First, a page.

LIVERPOOL, UK – 19 August 2014: An engineer at the University of Liverpool has found how worms move around, despite not having a brain to communicate with the body.
Dr Paolo Paoletti, alongside his colleague at Harvard, Professor L Mahadevan, has developed a mathematical model for earthworms and insect larvae which challenges the traditional view of how these soft bodied animals get around.
The most widely accepted model is that of the central pattern generator (CPG) which states that the central brain of these creatures generates rhythmic contraction and extension waves along the body. However, this doesn't account for the fact that some of these invertebrates can move along even when their ventral nerve cord is cut.
Instead, Dr Paoletti and Professor Mahadevan hypothesised that there is a far greater role for the body's mechanical properties and the local nerves which react to the surface that the animal is travelling across.
Dr Paoletti said: "When we analyse humans running there is clearly local control over movements as by the time nerve signals travel from the foot to the brain and back again, you will have taken three steps – and would otherwise probably have fallen over."
"We see much the same in these soft bodied animals. Rather than generating a constant wave of contraction and expansion, their movement is controlled and influenced by the contours of the surface they are moving across."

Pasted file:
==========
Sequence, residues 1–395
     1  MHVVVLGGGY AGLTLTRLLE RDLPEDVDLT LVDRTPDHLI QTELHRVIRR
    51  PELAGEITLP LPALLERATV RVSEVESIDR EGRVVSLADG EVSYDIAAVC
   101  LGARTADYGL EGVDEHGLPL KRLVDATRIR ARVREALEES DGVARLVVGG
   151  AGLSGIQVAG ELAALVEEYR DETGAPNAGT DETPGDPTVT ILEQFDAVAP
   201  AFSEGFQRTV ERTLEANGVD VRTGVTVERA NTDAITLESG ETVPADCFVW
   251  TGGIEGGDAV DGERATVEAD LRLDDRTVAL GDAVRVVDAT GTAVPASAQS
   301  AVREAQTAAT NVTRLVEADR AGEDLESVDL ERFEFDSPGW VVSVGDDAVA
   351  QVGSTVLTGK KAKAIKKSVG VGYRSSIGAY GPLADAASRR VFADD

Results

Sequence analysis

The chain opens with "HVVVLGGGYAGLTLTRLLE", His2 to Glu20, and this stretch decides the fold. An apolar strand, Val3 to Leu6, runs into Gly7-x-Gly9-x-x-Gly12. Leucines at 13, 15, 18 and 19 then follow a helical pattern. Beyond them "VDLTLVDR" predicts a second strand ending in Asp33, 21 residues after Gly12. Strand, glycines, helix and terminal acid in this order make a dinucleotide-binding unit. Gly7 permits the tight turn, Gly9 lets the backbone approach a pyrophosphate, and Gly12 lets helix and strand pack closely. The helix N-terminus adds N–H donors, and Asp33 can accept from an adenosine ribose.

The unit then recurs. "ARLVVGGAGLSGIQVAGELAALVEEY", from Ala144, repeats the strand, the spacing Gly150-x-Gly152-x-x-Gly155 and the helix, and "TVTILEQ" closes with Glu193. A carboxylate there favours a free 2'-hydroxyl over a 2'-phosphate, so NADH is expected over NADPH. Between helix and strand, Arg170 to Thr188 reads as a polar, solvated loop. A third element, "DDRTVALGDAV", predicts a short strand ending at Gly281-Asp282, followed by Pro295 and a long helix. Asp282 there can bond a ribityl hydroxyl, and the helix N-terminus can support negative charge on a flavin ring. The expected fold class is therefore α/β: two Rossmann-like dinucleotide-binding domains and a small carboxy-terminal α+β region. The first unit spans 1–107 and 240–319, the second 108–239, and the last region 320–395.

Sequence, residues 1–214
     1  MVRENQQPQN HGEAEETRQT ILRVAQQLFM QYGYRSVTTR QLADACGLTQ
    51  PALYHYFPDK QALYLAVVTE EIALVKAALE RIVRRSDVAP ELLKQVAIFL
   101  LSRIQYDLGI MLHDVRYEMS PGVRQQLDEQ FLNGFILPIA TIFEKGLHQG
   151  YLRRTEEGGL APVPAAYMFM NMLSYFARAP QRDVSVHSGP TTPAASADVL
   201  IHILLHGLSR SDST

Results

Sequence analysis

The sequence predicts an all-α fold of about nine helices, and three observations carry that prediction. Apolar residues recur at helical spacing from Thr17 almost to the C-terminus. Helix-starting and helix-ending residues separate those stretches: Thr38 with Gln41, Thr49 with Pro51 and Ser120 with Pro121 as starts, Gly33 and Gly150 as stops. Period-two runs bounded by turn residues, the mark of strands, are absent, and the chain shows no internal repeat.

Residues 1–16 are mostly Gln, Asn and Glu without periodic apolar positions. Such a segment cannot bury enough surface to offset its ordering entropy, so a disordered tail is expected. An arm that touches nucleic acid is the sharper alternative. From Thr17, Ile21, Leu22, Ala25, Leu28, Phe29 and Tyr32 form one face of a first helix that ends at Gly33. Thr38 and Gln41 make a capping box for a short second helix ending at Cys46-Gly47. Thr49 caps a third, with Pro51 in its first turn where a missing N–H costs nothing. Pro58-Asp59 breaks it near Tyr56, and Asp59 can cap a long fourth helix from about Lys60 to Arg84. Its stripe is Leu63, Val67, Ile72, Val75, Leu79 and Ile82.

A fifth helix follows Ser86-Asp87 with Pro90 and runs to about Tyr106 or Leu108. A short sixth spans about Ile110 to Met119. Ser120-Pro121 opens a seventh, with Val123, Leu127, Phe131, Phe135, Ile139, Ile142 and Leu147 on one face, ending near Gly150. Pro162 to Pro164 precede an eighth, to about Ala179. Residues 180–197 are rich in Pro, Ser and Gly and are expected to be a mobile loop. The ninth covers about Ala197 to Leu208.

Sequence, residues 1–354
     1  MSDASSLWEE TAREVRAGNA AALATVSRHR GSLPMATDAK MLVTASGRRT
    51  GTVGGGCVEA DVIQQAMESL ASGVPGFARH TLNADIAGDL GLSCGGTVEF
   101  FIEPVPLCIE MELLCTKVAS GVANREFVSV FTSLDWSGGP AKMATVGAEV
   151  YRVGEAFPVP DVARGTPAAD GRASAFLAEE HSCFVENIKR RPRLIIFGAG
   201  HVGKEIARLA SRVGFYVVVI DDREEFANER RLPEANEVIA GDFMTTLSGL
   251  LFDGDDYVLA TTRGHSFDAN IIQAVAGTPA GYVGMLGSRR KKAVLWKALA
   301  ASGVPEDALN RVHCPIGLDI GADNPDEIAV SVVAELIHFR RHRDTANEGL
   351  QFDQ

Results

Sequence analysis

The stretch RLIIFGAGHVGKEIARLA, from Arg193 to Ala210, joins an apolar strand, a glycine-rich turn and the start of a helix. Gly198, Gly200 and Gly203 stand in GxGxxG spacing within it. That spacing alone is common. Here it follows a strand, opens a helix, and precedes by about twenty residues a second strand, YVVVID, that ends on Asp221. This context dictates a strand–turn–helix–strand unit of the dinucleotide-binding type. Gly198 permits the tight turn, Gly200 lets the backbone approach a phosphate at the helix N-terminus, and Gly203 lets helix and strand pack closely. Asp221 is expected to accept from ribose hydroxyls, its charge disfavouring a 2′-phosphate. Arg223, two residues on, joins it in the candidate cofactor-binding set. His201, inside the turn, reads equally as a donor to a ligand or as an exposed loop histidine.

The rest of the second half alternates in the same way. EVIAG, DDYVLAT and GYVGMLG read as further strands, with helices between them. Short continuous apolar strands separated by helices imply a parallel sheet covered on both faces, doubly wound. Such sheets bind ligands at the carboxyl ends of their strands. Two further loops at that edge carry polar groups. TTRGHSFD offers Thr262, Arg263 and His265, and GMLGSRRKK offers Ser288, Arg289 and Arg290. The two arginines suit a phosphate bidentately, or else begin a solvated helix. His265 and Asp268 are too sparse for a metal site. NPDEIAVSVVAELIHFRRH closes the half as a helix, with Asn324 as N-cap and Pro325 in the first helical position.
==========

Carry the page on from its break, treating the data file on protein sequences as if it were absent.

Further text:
Dr Paoletti, from the School of Engineering, and Professor Mahadevan created a mathematical and computational theory to understand this and then tested these theories under different circumstances and conditions and using imagined worms of different masses. They now believe that this new model could be of use in robotics.
He said: "Replicating the movement of animals in robots is very difficult and often involves the use of many sensors. This new model avoids using sophisticated sensors and control strategies, and could be used to improve robots used for entering confined spaces or which have to deal with difficult terrain."
Source: University of Liverpool